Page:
This site uses cookies to measure how you use the website so it can be updated and improved based on your needs and also uses cookies to help remember the notifications you’ve seen, like this one, so that we don’t show them to you again. If you could also tell us a little bit about yourself, this information will help us understand how we can support you better and make this site even easier for you to use and navigate.

Effects of liraglutide on neurodegeneration, blood flow and cognition in Alzheimer´s disease – protocol for a controlled, randomized double-blinded trial


Egefjord, Lærke, Gejl, Michael, Møller, Arne, Brændgaard, Hans, Gottrup, Hanne, Antropova, Olga, Møller, Niels, Poulsen, Henrik E., Gjedde, Albert, Brock, Birgitte, Rungby, Jørgen


Danish Medical Journal, Volume: 59, No.: 10, Pages.: A4519-A4519

Year of Publication



Introduction: Type 2 diabetes (DM-2) increases the risk of developing Alzheimer´s disease (AD), and patients with AD are more likely to develop DM-2. DM-2 and AD share some pathophysiological features. In AD, amyloid-β (Aβ) is accumulated as extracellular plaques in the gray matter of the brain, while in DM-2 islet amyloid polypeptide (IAPP) is accumulated in the pancreas. Premature cellular degeneration is seen in both diseases. Glucagon-like peptide-1 (GLP-1) reduces the amount of Aβ and improves cognition in animal studies. The present study tests the hypothesis that treatment with the long-acting GLP-1 receptor agonist liraglutide affects the accumulation of Aβ in patients with AD.; Material and Methods: This is a randomized, controlled, double-blinded intervention study with AD patients treated for six months with liraglutide (n = 20) or placebo (n = 20). The primary outcome is change in deposition of Aβ in the central nervous system (CNS) by Pittsburgh compound B positron emission tomography (PET). The secondary outcome is evaluation of cognition using a neuro-psychological test battery, and examination of changes in glucose uptake in the CNS by 18F-fluoro-deoxy-glucose PET. Finally, a perfusion-weighted magnetic resonance imaging with contrast will be performed to evaluate blood flow.; Conclusion: No registered drug affects the deposition of Aβ in the brain of AD patients. Our goal is to find a new therapeutic agent that alters the pathophysiology in AD patients by decreasing the formation of Aβ plaques and thereby presumably improves the cognitive function.; Funding: The trial is investigator-initiated and investigator-driven and is supported by Novo Nordisk Scandinavia.; Trial Registration: NCT01469351.;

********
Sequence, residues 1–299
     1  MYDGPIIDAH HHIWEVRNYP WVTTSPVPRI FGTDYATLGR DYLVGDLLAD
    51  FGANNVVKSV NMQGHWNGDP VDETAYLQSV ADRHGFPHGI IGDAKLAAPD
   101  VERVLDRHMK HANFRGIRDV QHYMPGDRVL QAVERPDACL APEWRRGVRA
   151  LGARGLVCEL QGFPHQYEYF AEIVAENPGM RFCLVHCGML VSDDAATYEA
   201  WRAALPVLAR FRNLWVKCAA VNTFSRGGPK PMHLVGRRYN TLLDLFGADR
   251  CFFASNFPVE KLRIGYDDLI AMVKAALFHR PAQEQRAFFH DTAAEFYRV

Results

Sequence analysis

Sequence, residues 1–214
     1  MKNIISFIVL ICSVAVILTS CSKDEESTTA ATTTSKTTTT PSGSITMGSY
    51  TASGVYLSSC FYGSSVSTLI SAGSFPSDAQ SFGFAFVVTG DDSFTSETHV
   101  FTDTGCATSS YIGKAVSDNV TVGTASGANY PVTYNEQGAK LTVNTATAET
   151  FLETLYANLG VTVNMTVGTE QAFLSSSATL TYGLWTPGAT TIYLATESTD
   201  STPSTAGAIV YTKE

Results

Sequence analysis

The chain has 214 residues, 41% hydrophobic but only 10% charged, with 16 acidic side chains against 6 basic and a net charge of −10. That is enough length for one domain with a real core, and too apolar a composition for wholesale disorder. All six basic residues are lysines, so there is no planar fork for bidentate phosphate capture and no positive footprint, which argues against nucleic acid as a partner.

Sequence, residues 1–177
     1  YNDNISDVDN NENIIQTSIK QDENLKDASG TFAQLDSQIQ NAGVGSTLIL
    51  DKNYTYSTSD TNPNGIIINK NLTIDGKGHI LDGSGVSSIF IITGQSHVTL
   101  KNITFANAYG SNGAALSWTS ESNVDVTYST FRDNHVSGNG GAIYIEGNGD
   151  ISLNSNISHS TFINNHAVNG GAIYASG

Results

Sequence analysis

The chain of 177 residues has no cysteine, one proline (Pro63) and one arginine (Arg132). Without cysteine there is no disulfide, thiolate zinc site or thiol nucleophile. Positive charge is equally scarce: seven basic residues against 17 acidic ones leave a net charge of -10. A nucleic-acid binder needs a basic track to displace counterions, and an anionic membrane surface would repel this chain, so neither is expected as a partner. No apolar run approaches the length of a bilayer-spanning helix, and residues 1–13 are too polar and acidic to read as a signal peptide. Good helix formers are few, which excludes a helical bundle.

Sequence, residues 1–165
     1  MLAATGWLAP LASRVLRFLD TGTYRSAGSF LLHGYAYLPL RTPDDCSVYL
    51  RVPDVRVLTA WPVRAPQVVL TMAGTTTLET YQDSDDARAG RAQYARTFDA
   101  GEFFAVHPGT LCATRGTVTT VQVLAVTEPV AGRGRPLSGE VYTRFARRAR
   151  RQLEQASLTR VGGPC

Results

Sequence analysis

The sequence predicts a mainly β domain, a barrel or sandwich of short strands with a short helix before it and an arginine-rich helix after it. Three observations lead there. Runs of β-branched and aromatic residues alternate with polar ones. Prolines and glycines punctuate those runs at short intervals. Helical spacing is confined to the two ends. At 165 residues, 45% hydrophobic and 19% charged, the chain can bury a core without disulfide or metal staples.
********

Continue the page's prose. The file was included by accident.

administration & dosage, alzheimer disease, amyloid, amyloid betapeptides, analogs derivatives, beta, blood flow velocity, brain, cerebrovascular circulation, cognition, diagnosis, doseresponse relationship drug, doubleblind method, drug effects, drug therapy, followup studies, glucagonlike peptide 1, glucose, humans, levels, liraglutide, magnetic resonance imaging, metabolism, methods, physiology, physiopathology, positronemission tomography, treatment outcome

Countries of Study


Types of Dementia

Alzheimer’s Disease

Types of Study

Randomised Controlled Trial

Type of Outcomes

Cognition, Other

Type of Interventions

Pharmaceutical Interventions

Diagnostic Targets

Neuroimaging (e.g. MRI, PET, CAT etc.)

Pharmaceutical Interventions